War, again. I've spent half the day listening to experts, pundits, radio callers both informed and otherwise, hosts that ranged the gamut from knowledgeable to, well, popular. I am glad of many things right now, chief among them that I am not a soldier who's spent the last 8 years watching the military turn into an underfunded group-therapy session (hilarious, if disheartening, article in the Wall Street Journal today, describing co-ed boot camp; the men are permitted to help the women over the obstacles that require upper body strength, but they can only touch them on the legs - regs prohibit giving them a shove on the glutes or the thighs.) I am also glad I am a typical ahistorical American. History! Who needs it? It's a pack of tricks played on the dead, written by the victors, and it's bunk, to quote Ford, Voltaire, and some other solon whose name escapes me. Not that I'm uninterested in history: on the contrary. But it doesn't breathe down my neck or press on my chest like earth in a deep grave. I have no desire to kill someone because their relative gave my relative a hangnail in 1037.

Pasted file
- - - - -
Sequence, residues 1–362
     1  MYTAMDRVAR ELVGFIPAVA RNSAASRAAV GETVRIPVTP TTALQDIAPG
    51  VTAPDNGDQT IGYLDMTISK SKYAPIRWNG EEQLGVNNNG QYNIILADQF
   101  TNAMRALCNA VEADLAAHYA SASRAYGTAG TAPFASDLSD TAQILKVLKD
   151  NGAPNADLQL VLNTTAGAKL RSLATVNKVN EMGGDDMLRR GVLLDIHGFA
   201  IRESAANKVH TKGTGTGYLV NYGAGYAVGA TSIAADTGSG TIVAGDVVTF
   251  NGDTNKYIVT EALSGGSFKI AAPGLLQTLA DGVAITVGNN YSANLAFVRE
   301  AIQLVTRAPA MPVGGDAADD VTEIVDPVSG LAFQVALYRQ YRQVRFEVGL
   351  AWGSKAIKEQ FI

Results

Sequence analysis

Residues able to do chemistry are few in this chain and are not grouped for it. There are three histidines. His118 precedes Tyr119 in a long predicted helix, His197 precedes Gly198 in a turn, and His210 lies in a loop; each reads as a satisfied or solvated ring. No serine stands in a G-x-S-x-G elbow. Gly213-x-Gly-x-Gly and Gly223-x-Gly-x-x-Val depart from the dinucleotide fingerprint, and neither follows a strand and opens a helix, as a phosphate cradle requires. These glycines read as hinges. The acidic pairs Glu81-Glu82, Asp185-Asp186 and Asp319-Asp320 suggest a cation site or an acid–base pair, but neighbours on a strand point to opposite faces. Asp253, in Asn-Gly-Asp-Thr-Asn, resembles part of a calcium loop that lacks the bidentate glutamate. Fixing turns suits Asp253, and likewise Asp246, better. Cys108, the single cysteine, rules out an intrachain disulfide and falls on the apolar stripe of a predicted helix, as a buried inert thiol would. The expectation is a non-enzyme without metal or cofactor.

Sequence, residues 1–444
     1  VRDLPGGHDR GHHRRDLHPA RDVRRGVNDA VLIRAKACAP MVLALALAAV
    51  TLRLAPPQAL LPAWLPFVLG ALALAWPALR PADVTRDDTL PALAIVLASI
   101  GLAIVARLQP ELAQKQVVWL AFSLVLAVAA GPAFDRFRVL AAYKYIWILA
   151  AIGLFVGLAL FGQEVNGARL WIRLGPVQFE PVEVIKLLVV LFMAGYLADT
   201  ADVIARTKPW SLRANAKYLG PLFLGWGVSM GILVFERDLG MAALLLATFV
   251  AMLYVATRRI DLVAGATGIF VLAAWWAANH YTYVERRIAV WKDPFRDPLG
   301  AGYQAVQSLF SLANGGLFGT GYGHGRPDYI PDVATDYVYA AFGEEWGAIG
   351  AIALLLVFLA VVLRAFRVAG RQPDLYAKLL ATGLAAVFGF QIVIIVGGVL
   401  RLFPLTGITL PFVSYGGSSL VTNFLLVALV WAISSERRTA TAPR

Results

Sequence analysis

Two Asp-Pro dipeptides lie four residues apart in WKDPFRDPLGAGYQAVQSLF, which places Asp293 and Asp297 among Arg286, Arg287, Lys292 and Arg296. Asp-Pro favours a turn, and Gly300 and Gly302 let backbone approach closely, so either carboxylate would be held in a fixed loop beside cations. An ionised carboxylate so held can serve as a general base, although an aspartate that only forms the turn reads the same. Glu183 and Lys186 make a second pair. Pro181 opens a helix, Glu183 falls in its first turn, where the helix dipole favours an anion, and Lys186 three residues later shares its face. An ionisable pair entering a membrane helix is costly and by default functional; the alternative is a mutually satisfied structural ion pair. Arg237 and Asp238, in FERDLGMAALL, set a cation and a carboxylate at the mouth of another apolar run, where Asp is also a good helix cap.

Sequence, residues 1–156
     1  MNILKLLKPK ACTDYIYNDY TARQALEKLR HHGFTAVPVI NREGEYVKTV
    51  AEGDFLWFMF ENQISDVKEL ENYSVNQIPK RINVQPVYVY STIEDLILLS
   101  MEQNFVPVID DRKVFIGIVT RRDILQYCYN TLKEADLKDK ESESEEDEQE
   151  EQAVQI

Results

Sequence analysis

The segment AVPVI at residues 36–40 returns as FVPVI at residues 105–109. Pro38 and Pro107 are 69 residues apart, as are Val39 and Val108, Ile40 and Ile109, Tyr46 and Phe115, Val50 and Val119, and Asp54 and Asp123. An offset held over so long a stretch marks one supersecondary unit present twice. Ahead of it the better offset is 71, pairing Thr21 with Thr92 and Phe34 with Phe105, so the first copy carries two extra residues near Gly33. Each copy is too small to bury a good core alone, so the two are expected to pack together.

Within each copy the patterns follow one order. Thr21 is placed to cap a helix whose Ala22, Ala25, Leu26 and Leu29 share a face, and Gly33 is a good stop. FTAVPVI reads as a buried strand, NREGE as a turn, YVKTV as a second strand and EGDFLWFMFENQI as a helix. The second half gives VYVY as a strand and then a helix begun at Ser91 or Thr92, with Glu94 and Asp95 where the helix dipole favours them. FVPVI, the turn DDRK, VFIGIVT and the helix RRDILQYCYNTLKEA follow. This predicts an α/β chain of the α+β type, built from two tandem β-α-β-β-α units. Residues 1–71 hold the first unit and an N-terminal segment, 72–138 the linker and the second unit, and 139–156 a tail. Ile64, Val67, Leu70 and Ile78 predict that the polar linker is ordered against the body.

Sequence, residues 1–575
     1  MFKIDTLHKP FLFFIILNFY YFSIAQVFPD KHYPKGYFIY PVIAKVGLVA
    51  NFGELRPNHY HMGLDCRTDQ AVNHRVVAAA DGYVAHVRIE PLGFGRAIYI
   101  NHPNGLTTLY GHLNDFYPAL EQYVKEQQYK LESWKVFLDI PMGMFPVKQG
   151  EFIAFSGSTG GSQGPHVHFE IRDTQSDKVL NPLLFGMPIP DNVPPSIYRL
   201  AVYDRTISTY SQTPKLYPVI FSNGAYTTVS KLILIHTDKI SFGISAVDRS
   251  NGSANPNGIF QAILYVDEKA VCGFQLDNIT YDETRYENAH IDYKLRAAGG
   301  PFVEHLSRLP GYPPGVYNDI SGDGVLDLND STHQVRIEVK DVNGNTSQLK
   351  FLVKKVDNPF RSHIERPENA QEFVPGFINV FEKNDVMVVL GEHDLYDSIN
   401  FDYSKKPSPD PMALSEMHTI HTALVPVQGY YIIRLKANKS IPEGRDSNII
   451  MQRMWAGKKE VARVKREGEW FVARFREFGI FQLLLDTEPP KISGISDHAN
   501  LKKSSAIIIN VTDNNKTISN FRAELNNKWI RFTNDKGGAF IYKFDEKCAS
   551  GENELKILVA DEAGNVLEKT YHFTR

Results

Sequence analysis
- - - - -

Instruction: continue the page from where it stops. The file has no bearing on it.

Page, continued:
Easy for me to say, of course; I'm not scrabbling for a square yard of fertile liebensraum amidst a field of stones and salt. But even if I was, I'd like to think I would subscribe to RodneyKingism, and just get along. That requires that everyone else be equally inclined to live and let live, though, and that's never the case.
The flip side of cheery American ahistorical perspective, unfortunately, is believing you can solve intractable problems. We can pacify and secure Kosovo, just as we could have defeated and occupied North Vietnam. The cost, however, is great, and it immediately produces other problems that are worse. This is not going to be fun. It should, however, make the presidential election very, very interesting.
I Like this guy. His website is at: http://www.lileks.com .
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